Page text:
The landmark U.S. Supreme Court decision, entered on June 26, 2015, established that states can no longer ban same-sex marriage. Before that decision, same-sex marriages were legal in only 37 states. In seven states these marriages were entirely banned. In the remaining states, including Arkansas, state courts had declared state same-sex marriage bans unconstitutional, but the rulings were stayed at the time. Now that same-sex marriage is legal nationwide, inheritance should no longer be a concern. So, when clients ask, “without a will, can my same-sex spouse inherit my estate?” The answer is yes.
Without a will, surviving spouses inherit automatically
Not everyone has an estate plan. Even as common as wills are, not everyone has one of those either. For that reason, each state has established a set of laws that determines who your heirs will be if you do not have an estate plan in place. Typically, your property goes to your closest living relatives. In Arkansas, your estate will be distributed as follows:
- Surviving children, and the descendants of any predeceased child, divide the estate equally.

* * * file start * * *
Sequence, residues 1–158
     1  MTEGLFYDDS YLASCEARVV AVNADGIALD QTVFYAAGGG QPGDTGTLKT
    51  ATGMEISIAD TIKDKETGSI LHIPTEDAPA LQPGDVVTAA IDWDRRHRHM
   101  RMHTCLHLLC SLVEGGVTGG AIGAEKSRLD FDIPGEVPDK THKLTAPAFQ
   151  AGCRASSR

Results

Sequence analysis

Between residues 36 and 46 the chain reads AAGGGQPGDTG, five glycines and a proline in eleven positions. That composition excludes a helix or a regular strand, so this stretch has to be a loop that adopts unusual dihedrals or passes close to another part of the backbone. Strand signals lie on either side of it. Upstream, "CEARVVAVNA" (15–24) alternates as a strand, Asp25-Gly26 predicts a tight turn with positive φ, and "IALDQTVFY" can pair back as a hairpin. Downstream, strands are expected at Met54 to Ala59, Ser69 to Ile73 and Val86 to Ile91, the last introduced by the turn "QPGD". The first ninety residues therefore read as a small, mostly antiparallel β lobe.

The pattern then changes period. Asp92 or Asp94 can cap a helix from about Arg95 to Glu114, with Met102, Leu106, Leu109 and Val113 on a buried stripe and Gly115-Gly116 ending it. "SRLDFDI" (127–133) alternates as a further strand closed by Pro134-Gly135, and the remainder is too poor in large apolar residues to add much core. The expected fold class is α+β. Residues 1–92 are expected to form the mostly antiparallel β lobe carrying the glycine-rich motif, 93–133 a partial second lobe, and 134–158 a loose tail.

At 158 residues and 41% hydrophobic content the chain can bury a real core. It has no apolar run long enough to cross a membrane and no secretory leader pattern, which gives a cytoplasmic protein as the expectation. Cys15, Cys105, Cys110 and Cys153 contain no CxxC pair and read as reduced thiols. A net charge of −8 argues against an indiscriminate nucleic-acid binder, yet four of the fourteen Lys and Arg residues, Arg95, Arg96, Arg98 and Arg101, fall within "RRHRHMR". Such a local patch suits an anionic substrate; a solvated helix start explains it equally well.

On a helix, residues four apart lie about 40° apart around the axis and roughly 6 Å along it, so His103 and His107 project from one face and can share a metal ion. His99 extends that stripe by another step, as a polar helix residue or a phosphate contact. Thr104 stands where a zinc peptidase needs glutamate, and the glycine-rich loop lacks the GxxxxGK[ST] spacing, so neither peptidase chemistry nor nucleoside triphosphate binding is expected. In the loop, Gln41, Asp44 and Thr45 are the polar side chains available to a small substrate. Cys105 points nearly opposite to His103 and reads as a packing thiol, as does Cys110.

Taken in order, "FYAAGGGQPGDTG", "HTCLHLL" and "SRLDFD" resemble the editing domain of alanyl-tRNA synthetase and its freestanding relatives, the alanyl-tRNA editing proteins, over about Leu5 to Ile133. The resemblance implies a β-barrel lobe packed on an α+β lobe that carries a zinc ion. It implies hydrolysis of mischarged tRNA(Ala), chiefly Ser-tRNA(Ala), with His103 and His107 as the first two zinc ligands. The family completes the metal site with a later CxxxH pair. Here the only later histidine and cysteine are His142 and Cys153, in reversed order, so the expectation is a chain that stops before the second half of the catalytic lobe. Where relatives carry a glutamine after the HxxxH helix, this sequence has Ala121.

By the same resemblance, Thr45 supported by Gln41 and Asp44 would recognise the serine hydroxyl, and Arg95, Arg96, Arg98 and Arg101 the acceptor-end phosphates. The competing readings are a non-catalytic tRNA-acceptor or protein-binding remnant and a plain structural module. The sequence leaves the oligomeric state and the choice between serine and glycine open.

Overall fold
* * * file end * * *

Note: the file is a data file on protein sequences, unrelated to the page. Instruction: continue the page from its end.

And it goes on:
- Surviving spouse, if there are no children, takes the entire estate. There is an exception if spouses were married for less than 3 years at the time of death. In that situation, the spouse only gets 50% of the estate.
- There is no surviving spouse and no children, then the surviving parents share equally.
- Brothers and sisters, and descendants of predeceased brothers and sisters, share equally.
- Grandparents, uncles and aunts and descendants of predeceased uncles and aunts, share equally.
- Great grandparents, great uncles and great aunts and descendants of predeceased great uncles and great aunts, share equally.
No surviving relatives
If you do not have any surviving relatives at the time of your death, meaning no one fits into the above categories, then your estate will “escheat” to the county where you resided. That means that the government will receive all of your assets, by default. This does not happen very often because the laws are designed to make sure your property will end up in the hands of your relatives, even if they are remote.
Limitations on intestate succession.
The rules of intestate succession do not apply to property that is not solely in your name. In other words, if your name is on your car, along with your daughter’s name, it does not pass to anyone through intestate succession. The same is true with life insurance proceeds, IRAs, and other investment tools that name a particular beneficiary. Also, only relatives who outlive you by at least five days can inherit. So-called “half” relatives inherit the same as whole relatives. Relatives who are born after your death, but were conceived before your death, can still inherit.
If you have questions regarding inheritance without a will, or any other estate planning needs, please contact Sexton, Bailey Attorneys, PA online or by calling us at (479) 443-0062.
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